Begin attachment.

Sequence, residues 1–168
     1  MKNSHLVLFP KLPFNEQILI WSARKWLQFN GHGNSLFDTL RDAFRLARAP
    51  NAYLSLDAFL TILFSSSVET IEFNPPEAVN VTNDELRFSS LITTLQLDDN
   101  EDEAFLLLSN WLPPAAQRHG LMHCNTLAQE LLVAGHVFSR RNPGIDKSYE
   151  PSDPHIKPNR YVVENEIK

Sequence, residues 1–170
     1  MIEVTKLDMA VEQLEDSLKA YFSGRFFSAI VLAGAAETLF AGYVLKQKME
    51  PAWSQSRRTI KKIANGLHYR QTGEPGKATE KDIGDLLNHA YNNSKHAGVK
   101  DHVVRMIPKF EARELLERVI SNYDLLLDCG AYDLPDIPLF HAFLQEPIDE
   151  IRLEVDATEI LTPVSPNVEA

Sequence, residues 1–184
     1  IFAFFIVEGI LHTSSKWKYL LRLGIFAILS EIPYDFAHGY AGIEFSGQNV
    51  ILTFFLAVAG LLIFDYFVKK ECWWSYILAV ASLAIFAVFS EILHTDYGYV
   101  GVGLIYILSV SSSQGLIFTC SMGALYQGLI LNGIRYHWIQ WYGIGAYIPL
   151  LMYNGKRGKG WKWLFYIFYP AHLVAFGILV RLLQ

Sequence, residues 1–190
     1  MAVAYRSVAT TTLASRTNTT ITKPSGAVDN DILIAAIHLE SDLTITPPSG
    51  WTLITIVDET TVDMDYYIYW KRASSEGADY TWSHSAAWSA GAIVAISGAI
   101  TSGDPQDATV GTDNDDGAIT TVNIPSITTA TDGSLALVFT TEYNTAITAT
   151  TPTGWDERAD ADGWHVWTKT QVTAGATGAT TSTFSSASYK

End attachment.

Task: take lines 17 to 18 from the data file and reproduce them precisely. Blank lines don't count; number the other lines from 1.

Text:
     1  MAVAYRSVAT TTLASRTNTT ITKPSGAVDN DILIAAIHLE SDLTITPPSG
    51  WTLITIVDET TVDMDYYIYW KRASSEGADY TWSHSAAWSA GAIVAISGAI